Using the MIO

Using the MIO

Fotografía: Paola Combariza

For almost three years, I had the opportunity to use the Chicago Transit Authority and the Toronto Transit Commission. Subways and buses were there to connect you with most parts of those huge cities and yet the funny thing is that, according to Americans and Canadians, their massive transportation system sucks.

Though Chicago’s subway and bus system could be a bit dangerous and Toronto’s was usually jammed or delayed, people had something in common and it was respect for the user’s rights.

It was lovely to see how people waited patiently outside the buses or trains for all the other passengers to get off first. No one got upset when pregnant women, seniors or handicapped needed to sit on their assigned priority seats and we had to stand up and go on our feet for the rest of the ride.

The buses usually had a lane of their own and when a private car was on their way, it had to move fast for public transportation had priority on the roads. Oh, and I almost forget the best part: Public transportation works 24 hours a day, 7 days a week!

I returned here a month ago and I was pleased to see that Masivo Integrado de Occidente a.k.a MIO was working. I loved it, believe me, but I was sort of disappointed when I couldn’t get off the bus at the right station because a herd of users did not let me do it. They did not wait for those who were inside the bus to get off first. I took the bus again two days later and I had to see an old lady standing up right next to me because a couple was too busy kissing on the priority seats to let her sit. I was pissed off. It was then when I felt a contraction on the muscles of my face and I knew it was coming: I was starting to put my “bitch, please” face again. I was lifting my right elbow almost to the top of my head and my mouth was twisted.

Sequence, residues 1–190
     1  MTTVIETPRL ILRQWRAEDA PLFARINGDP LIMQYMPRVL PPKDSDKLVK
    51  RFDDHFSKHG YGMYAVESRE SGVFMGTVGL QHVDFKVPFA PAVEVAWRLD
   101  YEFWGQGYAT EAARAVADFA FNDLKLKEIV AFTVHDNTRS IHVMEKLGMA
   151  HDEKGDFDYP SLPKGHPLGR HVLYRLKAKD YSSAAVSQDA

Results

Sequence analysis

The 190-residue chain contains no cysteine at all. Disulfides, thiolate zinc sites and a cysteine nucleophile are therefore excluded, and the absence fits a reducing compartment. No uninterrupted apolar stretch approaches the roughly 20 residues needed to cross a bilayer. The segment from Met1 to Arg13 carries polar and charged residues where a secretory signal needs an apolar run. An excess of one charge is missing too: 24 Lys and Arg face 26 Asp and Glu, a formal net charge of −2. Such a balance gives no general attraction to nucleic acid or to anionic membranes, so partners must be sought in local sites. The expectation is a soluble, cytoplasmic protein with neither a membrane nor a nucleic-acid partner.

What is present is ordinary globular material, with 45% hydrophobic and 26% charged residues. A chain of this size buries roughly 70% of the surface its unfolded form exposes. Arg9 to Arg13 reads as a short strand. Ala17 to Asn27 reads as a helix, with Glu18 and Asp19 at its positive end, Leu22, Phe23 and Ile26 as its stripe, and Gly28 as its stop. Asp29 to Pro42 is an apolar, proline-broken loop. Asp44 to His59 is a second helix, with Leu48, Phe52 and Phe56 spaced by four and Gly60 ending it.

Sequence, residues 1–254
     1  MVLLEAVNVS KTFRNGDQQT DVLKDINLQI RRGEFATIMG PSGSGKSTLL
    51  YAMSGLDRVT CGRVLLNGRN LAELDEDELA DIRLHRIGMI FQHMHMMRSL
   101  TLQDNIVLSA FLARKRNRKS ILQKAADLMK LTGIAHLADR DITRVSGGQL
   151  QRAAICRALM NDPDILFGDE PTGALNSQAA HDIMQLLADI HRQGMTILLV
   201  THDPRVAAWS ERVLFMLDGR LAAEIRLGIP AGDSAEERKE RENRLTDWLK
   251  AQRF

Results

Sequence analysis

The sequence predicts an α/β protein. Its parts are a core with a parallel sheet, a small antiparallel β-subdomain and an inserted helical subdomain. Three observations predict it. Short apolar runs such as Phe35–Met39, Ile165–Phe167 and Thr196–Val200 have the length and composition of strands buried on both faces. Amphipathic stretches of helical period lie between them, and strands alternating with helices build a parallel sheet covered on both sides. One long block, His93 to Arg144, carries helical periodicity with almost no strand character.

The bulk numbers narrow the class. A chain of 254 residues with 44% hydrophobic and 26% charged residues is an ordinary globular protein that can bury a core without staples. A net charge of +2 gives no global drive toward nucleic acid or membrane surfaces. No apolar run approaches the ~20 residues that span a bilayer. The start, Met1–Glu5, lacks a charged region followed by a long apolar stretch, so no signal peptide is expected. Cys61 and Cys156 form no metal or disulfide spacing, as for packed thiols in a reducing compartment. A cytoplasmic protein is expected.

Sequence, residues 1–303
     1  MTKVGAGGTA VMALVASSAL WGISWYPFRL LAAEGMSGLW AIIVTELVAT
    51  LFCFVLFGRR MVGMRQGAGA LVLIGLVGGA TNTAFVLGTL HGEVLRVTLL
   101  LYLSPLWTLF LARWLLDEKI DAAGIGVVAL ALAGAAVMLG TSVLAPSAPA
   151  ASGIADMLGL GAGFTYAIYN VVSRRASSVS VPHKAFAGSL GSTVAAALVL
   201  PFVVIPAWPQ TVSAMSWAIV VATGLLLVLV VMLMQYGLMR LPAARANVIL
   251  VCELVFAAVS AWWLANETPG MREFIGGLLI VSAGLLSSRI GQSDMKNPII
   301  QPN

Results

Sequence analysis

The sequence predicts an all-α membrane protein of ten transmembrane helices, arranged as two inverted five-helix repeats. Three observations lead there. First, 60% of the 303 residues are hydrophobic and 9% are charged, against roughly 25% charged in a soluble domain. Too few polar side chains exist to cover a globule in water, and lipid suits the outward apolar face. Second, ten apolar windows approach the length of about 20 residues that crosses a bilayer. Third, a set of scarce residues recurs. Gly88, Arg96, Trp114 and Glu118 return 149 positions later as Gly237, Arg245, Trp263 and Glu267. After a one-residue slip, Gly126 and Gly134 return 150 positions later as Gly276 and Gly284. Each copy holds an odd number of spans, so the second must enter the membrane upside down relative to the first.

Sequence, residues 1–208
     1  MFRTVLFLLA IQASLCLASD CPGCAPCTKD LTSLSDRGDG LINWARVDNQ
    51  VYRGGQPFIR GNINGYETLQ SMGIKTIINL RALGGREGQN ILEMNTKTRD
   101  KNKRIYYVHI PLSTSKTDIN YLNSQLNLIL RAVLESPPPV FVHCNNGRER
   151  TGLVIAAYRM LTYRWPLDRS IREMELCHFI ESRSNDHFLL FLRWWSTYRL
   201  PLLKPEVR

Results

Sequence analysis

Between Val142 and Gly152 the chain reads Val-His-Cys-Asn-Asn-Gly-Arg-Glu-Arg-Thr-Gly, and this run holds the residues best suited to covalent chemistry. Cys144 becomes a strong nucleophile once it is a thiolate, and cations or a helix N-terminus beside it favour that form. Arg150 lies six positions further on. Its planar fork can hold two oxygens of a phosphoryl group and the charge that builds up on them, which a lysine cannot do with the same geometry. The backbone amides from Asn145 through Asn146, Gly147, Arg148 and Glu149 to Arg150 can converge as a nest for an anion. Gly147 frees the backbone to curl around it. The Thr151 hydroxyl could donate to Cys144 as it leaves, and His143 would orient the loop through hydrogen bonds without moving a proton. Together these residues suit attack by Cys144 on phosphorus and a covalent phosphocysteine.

Later on, a man asked me “Reinita, do you know how to make it to the X station?” I did not so we got off the bus to look for a “facilitador” but he was nowhere to be seen and the station had no maps. I almost cried. I jumped on the bus and I had to see the driver struggling against taxi drivers, other bus drivers and private car drivers to make his way and keep his lane. On top of that, I heard a group of youngsters planning to “colarse” through the back door because they did not feel like paying for the ride.

So I stood up and before getting off at my stop, I gave them an awful gaze; a gaze I forgot how to give to my fellow public transportation users for the past three years. My heart was broken to see that we haven’t learnt to respect other people’s space but unfortunately all I could do was to look at them and put my “bitches, please” face again.